In the last third of the fourteenth century, when Geoffrey Chaucer and John Gower were writing poetry in English in London and Piers Plowman and Sir Gawain and the Green Knight were being produced in the west of England, the “first English woman of letters” was composing a book in prose in Norwich, East Anglia. Julian of Norwich is one of the best known of the fourteenth century English mystics. The small number of extant manuscripts of the Book of Showings (her account of her mystical visions) suggests that she was probably not well known outside East Anglia. Her work has enjoyed a resurgence of scholarly and popular interest since the six-hundredth anniversary of the “showings.”
Julian (also as Juliana) of Norwich’s Book of Showings relates the details of visions she had and her attempts to interpret their meaning. Modern critics widely recognized her book as a spiritual masterpiece. Aside from the meager information found in church records, a few wills, and Margery Kempe’s autobiography, most of what is known of Julian is from her own accounts. As a part of contemplative prayer, she had prayed for sickness, for a vision of the passion of Christ, and for three wounds. She did become ill, suffering paralysis and blindness just before the onset of the sixteen showings. The visions, she reports, occurred on May 13, 1373, when she was thirty and one-half years old.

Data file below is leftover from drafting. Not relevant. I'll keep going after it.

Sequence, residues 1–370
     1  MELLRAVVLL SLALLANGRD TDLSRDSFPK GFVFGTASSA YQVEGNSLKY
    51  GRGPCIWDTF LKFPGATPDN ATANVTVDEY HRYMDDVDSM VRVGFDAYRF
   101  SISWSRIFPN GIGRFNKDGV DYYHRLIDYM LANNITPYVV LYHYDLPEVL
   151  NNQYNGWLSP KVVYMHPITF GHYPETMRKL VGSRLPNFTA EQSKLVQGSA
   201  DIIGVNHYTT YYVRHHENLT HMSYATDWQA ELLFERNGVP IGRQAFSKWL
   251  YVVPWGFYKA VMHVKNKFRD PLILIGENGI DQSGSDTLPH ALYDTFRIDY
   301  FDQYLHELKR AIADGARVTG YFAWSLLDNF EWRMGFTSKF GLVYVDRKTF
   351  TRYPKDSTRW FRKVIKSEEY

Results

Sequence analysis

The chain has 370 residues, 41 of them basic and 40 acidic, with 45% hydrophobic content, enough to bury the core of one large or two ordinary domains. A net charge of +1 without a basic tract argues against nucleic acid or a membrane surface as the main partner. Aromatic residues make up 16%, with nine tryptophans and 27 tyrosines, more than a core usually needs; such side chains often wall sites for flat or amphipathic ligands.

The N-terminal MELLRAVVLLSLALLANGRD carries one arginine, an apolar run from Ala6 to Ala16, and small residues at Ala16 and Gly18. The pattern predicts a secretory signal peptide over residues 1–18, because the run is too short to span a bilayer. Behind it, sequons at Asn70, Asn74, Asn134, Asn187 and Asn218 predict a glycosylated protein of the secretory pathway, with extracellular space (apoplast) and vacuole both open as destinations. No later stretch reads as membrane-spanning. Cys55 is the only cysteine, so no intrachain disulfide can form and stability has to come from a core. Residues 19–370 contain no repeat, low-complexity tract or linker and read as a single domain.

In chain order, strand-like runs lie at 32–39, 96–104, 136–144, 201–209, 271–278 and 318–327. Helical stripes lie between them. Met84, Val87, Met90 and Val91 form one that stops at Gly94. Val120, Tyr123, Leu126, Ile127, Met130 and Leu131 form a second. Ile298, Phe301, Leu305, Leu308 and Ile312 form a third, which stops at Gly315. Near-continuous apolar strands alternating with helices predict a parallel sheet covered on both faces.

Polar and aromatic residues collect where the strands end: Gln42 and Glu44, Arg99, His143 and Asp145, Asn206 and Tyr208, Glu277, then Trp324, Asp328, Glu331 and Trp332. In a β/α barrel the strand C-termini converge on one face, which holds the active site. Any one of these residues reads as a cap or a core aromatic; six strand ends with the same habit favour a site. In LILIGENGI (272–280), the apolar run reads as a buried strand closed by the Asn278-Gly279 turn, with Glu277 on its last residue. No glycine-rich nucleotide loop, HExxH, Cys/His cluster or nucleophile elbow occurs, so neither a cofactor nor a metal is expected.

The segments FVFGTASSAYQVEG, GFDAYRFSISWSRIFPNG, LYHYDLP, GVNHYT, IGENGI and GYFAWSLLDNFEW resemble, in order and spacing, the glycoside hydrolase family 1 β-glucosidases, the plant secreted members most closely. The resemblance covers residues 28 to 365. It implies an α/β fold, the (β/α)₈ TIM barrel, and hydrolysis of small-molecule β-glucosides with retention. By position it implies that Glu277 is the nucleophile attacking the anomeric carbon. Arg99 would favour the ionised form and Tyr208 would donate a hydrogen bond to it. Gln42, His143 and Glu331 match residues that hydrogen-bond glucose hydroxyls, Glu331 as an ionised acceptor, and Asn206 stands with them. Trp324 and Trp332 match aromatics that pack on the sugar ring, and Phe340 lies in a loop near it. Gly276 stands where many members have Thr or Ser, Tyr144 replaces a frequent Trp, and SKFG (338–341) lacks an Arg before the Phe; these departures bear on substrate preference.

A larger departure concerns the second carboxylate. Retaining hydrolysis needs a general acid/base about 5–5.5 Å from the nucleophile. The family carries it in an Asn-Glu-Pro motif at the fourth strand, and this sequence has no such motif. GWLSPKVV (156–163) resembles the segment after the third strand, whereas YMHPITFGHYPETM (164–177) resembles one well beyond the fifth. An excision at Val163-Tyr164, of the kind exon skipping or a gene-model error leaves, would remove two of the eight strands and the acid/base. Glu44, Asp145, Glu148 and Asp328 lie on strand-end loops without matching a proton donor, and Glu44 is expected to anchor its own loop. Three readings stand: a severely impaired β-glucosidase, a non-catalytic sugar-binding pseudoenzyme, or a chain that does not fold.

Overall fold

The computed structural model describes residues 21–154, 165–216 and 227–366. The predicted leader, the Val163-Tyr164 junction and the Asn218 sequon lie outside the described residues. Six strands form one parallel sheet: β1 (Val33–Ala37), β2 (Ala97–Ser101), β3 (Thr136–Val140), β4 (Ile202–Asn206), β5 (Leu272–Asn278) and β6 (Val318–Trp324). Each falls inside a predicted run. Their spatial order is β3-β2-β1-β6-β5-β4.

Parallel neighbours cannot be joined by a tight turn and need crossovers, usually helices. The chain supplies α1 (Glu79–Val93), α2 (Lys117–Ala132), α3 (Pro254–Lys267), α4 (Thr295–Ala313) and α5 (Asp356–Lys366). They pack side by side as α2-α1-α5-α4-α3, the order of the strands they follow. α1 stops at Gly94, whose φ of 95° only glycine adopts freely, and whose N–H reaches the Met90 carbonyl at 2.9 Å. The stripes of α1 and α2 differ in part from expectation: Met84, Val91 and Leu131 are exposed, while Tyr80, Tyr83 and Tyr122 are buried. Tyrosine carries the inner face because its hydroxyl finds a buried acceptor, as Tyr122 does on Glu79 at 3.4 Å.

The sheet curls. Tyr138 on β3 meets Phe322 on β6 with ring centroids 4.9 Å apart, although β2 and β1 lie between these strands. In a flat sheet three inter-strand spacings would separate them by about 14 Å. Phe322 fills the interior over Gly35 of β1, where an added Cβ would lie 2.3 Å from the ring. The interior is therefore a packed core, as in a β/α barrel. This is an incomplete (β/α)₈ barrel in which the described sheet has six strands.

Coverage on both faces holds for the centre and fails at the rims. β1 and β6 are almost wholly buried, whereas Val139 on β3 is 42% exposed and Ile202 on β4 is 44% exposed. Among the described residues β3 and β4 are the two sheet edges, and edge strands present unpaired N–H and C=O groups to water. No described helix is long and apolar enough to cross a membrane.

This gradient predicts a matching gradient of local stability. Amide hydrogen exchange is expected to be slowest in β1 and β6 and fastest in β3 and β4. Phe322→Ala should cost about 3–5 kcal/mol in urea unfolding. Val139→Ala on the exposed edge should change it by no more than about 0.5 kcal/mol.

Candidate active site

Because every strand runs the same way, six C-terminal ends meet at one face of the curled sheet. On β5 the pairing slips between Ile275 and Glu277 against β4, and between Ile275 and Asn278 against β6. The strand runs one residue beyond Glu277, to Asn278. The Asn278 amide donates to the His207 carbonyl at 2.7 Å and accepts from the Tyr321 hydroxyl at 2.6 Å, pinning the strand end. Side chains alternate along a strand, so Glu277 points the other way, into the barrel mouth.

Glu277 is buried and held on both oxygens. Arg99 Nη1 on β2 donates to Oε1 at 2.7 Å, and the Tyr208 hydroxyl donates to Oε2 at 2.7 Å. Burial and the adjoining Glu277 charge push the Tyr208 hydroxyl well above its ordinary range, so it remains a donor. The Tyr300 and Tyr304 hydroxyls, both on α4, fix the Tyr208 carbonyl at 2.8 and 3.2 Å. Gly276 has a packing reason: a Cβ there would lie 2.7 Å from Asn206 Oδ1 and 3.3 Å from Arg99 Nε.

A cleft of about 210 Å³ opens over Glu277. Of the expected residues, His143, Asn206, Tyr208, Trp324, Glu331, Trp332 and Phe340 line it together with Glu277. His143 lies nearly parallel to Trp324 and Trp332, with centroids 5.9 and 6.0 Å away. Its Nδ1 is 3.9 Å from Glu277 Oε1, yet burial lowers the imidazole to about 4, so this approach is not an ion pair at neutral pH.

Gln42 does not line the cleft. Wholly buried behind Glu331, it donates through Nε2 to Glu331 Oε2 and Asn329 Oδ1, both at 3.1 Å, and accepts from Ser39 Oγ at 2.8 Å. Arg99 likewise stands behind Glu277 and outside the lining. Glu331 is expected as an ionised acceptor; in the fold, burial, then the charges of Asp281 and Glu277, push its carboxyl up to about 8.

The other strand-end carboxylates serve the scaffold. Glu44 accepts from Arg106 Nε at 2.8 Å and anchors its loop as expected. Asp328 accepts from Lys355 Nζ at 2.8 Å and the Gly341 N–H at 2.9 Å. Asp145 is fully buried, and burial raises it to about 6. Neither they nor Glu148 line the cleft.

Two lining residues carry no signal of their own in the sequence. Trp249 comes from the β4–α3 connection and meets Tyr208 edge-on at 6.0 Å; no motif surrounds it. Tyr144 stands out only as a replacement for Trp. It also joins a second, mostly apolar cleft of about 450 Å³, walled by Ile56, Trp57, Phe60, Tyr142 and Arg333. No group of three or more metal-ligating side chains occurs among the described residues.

The Book of Showings (entitled Revelations of Divine Love in some modernizations) is written in the East Midland dialect of Middle English. A number of devotional writers in the Middle Ages sought mystical experience of God. Julian achieved the prized vision that many others could only point to. She did not intend to teach any kind of methodology for the gradual drawing near of humans to God, but rather only to record her own experience for others. The visions began at a time in her illness when Julian could not speak, had lost feeling in the...
(The entire section is 807 words.)